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Prenuptial Review SolicitorsPre-nup review from only £750

If you have been asked to sign a prenuptial agreement, you must have it reviewed by an independent solicitor in order for it to be a “qualifying agreement” under English law. The prenuptial agreement would have been drafted by a lawyer advising your fiancé, and we would be advising you on the agreement.

The family law team at Freeman Harris Solicitors will review your prenuptial agreement and provide you with the relevant legal advice. Our objective is to ensure your rights and best interests are protected. If your fiancé has asked you to sign a prenuptial agreement, please contact us. We will offer you comprehensive and efficient legal advice at a fixed cost.

More on our prenuptial review services

As part of this service, we will review the terms of the prenuptial agreement providing you with advice on the matter. We will advise if there are any terms which are to your detriment and will exclude your rights under the Matrimonial Causes Act 1973. In such cases, we will be available to negotiate any alterations to the agreement. Our role here is to help you understand the terms of the agreement and help you negotiate better terms, if needed.

Prenuptial reviews are not recognised by the English courts, although they are considered as factual agreements which would be presented in court in case there is a breakdown of marriage. For this reason, prenuptial agreements need to be prepared carefully and reviewed. The terms of the prenuptial agreement are only enforceable if it is well researched and drafted. The review process also has to follow the same pattern. In case of a breakdown of the marriage, if evidence is produced that it was signed under duress or that the agreement favoured one party over the other, it will not be enforced.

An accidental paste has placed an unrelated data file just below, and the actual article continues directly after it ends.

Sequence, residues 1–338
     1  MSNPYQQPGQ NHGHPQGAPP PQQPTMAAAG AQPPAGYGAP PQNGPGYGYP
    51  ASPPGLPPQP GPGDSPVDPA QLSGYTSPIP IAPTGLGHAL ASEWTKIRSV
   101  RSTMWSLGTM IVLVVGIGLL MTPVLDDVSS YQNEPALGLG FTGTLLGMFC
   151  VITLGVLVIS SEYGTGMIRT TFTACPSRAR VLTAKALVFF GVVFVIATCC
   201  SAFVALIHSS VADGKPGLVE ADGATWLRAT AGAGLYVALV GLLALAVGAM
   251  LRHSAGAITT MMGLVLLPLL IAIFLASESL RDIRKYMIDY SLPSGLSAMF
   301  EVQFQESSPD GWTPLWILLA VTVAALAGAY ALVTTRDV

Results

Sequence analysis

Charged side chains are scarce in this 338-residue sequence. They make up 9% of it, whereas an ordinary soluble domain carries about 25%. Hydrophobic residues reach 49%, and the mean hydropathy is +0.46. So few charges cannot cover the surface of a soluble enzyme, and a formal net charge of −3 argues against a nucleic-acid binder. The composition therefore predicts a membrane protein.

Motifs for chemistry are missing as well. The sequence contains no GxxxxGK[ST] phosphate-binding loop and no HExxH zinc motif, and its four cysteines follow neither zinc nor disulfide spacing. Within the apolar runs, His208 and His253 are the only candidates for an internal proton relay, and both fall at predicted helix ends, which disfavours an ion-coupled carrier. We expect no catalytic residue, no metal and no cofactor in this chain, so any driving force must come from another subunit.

A prenuptial agreement is a helpful step in protecting a person financially. As a prenuptial agreement requires a review, we will ensure that you are able to understand the terms of it and what needs to be done if it is too one sided or harsh.

Getting a Will made will ensure that your estate goes to the person you would like to leave it to.

Family Law Fees & Costs

Fixed Fee Nuptial Agreements – £1000 plus vat

Fixed Fee Nuptial Agreements Advice – £750 plus vat

Our family law team

Salma Butt
Salma has been qualified as a Solicitor since 2000 and has more than 10 year’s work experience in Family Law. She is head of the department and overseas all family and wills & probate matters.

Marjana Uddin
Marjana is our Trainee Solicitor who deals with family law matters. She has a deep interest and understanding of all legal aspects of relationships, children matters and financial disputes.

Contact us for free prenuptial agreement advice!

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Prenuptial Agreement Review FAQs

What are pre-nuptial agreements?

A Pre- Nuptial (Pre-Nup/Pre-Marital) Agreement is a contract between two people before they get married, that decides prior to a divorce, or in the event of a divorce  – the division of property/money etc

What are post-nuptial agreements?

Post-Nuptial Agreements are made during a marriage, where the parties decide what to to do with their property/money, in the event of a divorce

Are pre and post-nups legally binding?

They are not legally binding in the UK; however, more weight is given to them now, provided the agreement is a “qualifying agreement”

The criteria for a “qualifying agreement”:

  • There must be full disclosure by both parties
  • Both parties must receive independent legal advice from different Solicitors
  • The Agreement has to be have been signed no later than 28 days before the wedding
  • It should be signed by both parties with a statement that says that the parties understand/No duress

What is the history here?

Pre and Post-Nuptial Agreements were regarded as void and unenforceable as a matter of Contract Law. This was because on the view that spouses had a duty to live together in the absence of grounds for a divorce, and this could not be revoked by a private agreement.

Gradual Change

Recent case law has established that Courts’ objections can no longer apply.

• Mcleod v Mcleod
• Radmacher v Grantino

Although the Courts will still have overriding power to change/vary the agreements in the interest to meet fairness for the parties involved, more weight is given now and the Agreement will be considered, but will not be the sole consideration in a divorce – other factors/circumstances will be taken into account

Why enter into a pre or post-nuptial agreements?

  • To keep one’s own assets
  • To protect ones wealth
  • To protect your family wealth

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